Characterization of primate antibody responses to administered murine monoclonal immunoglobulin

D. E. Milenic, B. Detrick, J. C. Reynolds, D. Colcher

Research output: Contribution to journalArticlepeer-review

Abstract

Murine monoclonal antibodies (MAb) are currently being assessed for their utility as tools in cancer management. Anti-murine immunoglobulin responses have been observed in many patients receiving monoclonal antibody treatment. In this study, we evaluated the response of primates to the administration of a mononclonal antibody. MAb B6.2, an antibody generated against a human breast tumor metastasis, was used as a prototype MAb. Baboons were inoculated with MAb B6.2 whole IgG, Fab', or F(ab')2 fragments. Blood samples were drawn at periodic intervals post-inoculation and the sera collected. Anti-murine immunoglobulin responses were detected using a solid-phase radioimmunoassay. The specificity of the antibody response was analyzed to determine if the response was directed against the species of origin of the MAb (species specificity), against the class of the MAb (isotype specificity), or against the hypervariable region of the MAb (idiotype specificity). We found that primates develop a humoral immune response against all three forms of the monoclonal antibody [IgG, Fab', and F(ab')2]. Furthermore, this antibody response demonstrated a high degree of specificity for the antigen binding site suggesting an idiotypic specificity. Using a competitive radioimmunoassay, the antibody response was found to interfere with antigen binding of MAb B6.2. These studies suggest that monoclonal antibody treatment can generate an anti-idiotypic response which may alter the efficacy of this mode of treatment.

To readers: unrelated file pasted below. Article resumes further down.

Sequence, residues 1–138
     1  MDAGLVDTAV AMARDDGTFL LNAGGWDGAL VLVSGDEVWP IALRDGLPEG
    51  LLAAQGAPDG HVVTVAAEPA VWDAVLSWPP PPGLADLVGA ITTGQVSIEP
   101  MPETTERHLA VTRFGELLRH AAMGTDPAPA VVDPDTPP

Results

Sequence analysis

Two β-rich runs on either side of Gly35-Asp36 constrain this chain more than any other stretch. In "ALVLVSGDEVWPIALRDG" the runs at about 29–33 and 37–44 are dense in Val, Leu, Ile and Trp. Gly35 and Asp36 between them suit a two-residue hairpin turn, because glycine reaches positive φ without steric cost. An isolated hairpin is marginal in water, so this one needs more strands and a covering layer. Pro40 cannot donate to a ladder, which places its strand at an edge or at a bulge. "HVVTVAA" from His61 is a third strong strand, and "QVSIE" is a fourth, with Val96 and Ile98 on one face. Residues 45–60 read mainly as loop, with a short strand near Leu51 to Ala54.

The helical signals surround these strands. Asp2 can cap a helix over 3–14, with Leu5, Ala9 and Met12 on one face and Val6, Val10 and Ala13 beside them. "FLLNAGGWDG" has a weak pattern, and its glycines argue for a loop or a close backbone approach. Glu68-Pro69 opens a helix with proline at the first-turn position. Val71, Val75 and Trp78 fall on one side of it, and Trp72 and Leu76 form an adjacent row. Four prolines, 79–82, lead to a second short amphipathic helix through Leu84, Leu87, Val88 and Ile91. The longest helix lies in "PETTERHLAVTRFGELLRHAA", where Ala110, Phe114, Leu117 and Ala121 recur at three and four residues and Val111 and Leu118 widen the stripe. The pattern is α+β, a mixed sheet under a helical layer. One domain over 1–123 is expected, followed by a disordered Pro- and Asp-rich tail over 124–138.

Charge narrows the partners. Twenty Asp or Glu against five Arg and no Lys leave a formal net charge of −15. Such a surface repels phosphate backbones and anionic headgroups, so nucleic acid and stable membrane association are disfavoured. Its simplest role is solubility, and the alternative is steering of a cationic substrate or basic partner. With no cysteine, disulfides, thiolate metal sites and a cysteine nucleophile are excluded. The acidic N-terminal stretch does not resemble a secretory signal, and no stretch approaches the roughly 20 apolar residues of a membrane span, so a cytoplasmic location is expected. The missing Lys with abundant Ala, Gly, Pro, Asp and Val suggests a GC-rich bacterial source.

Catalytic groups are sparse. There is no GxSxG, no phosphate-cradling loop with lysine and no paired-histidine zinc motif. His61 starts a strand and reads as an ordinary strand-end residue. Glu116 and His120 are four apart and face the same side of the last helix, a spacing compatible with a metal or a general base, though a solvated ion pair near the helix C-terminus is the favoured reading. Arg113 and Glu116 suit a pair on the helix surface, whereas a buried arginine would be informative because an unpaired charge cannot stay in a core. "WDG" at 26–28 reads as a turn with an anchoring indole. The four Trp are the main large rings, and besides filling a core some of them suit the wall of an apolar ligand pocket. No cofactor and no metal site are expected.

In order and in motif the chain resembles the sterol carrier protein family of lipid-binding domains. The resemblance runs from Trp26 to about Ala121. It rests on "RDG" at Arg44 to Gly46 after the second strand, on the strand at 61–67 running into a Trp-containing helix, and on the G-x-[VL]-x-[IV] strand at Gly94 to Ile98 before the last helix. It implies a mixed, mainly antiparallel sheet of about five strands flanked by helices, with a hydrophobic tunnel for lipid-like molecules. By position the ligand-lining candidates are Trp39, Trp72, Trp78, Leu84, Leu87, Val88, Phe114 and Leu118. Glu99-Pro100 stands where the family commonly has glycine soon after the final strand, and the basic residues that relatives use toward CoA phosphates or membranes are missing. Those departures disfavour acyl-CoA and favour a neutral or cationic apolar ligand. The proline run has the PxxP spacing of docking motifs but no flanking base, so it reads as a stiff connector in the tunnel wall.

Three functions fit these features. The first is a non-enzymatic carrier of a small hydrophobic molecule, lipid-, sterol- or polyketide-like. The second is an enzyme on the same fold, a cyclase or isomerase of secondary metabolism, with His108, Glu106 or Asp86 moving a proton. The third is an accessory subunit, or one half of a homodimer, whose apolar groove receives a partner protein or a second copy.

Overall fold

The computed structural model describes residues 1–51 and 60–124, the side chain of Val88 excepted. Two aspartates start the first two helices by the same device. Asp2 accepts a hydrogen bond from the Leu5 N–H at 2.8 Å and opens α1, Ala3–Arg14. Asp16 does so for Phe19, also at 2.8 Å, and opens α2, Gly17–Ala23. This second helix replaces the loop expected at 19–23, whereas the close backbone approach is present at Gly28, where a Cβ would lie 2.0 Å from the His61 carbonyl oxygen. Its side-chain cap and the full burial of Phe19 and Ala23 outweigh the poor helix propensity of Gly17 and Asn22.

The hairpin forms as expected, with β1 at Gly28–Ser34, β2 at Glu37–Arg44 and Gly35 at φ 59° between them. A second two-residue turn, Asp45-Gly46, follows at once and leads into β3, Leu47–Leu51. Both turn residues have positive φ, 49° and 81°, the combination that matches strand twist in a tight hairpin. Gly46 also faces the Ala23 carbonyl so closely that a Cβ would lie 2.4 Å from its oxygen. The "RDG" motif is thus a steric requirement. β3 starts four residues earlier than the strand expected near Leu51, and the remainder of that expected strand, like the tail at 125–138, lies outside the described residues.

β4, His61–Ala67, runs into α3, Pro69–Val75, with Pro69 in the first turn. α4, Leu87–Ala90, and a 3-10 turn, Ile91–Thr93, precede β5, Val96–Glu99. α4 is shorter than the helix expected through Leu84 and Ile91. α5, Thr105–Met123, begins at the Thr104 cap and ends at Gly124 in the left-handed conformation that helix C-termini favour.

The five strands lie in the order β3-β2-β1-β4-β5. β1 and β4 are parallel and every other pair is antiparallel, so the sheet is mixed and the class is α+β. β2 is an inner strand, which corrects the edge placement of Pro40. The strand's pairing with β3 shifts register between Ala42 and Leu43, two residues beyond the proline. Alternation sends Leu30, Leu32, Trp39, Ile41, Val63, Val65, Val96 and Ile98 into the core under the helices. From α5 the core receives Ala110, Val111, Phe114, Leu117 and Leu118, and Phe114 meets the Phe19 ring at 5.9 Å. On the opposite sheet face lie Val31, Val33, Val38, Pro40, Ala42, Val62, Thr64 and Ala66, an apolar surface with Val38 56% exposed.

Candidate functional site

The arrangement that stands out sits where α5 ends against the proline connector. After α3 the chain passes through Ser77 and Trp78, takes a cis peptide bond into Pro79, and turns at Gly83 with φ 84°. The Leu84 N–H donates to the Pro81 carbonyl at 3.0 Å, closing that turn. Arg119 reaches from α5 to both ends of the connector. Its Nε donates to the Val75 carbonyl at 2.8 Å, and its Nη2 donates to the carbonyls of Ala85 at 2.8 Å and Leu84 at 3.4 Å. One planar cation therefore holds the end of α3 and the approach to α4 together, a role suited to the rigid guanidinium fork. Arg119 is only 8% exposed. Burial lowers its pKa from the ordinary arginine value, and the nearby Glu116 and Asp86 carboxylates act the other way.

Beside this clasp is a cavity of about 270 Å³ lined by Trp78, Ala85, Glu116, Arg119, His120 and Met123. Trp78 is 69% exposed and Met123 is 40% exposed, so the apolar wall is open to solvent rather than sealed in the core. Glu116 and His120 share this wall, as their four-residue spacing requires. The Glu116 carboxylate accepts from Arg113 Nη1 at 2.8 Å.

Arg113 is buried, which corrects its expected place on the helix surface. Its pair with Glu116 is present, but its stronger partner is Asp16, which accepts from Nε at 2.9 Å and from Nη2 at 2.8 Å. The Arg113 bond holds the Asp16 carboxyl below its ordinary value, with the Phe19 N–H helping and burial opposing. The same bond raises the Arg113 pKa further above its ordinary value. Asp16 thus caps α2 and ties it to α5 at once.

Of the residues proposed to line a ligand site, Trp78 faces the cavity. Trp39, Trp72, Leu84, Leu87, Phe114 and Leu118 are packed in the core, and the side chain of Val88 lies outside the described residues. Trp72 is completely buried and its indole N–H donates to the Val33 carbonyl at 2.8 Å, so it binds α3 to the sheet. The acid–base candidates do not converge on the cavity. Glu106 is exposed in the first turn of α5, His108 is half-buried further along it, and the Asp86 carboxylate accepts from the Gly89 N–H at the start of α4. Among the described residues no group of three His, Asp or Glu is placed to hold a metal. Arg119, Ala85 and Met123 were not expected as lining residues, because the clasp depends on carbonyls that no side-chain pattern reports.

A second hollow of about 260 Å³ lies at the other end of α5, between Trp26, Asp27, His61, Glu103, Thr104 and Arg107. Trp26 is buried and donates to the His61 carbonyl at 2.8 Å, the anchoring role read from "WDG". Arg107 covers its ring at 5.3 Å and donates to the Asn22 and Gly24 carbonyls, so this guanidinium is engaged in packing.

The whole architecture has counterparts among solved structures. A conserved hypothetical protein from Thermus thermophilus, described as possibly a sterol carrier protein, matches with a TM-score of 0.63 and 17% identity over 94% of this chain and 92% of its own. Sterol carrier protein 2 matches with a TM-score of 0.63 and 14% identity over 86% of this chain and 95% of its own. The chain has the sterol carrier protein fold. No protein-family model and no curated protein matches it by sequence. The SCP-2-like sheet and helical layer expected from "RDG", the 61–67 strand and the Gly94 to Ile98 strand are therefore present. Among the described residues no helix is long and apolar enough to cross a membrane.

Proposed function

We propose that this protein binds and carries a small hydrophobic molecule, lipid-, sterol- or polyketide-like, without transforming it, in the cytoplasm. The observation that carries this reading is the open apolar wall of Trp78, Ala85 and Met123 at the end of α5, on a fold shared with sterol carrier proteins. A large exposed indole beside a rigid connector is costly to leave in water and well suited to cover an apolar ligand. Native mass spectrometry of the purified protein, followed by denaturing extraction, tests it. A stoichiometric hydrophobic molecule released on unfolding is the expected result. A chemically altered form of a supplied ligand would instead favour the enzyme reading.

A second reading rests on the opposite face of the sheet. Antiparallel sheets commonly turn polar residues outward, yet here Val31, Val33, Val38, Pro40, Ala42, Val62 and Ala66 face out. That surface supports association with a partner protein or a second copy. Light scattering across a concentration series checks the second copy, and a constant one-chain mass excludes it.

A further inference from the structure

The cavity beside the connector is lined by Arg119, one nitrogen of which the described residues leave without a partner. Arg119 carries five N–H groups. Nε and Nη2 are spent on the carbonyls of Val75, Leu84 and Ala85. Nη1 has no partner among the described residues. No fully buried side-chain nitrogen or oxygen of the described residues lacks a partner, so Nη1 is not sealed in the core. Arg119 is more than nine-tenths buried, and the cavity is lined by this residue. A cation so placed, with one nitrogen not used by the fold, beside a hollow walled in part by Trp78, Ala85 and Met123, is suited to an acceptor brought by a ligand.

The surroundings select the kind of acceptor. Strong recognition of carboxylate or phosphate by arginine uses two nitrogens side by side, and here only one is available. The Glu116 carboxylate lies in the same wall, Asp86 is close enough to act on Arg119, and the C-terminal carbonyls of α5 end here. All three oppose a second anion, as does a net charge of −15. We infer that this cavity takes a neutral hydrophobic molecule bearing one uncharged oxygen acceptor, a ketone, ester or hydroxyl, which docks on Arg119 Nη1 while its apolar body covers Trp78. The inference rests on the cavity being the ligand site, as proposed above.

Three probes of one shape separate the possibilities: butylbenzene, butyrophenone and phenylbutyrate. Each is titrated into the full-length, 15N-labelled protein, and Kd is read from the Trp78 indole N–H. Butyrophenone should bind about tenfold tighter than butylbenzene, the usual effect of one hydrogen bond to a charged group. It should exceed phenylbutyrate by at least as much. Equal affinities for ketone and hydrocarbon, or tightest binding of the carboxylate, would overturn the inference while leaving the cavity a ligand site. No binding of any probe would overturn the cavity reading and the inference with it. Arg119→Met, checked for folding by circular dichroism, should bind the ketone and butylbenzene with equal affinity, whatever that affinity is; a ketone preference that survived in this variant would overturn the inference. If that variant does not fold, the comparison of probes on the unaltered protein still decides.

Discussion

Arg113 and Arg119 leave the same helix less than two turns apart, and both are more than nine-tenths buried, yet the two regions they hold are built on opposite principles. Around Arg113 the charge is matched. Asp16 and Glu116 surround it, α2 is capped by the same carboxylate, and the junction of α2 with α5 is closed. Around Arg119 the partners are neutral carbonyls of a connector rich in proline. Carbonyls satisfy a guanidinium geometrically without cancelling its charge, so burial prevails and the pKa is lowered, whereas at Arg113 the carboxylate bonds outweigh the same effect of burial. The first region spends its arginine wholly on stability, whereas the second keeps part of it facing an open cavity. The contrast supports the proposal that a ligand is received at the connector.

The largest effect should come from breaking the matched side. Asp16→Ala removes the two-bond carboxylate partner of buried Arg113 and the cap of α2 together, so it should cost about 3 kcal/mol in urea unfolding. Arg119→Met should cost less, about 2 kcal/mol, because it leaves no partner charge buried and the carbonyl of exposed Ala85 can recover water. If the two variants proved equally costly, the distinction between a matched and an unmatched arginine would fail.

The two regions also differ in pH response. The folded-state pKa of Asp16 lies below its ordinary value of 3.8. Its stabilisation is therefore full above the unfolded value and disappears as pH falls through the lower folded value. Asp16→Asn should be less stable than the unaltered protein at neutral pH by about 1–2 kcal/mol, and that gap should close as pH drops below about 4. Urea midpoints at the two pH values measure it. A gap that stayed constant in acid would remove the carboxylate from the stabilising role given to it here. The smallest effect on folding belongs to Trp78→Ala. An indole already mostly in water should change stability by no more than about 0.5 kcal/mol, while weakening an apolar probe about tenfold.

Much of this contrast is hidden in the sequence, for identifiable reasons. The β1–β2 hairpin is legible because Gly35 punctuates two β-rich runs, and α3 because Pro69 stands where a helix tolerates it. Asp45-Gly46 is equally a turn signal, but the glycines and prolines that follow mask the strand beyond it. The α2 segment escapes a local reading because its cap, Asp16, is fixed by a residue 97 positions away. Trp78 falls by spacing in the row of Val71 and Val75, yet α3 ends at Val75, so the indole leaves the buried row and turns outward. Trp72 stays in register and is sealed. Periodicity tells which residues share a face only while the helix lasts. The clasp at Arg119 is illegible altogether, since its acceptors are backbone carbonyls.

Original languageEnglish (US)
Pages (from-to)177-187
Number of pages11
JournalInternational Journal of Biological Markers
Volume5
Issue number4
DOIs
StatePublished - 1990
Externally publishedYes

ASJC Scopus subject areas

  • Pathology and Forensic Medicine
  • Oncology
  • Clinical Biochemistry
  • Cancer Research

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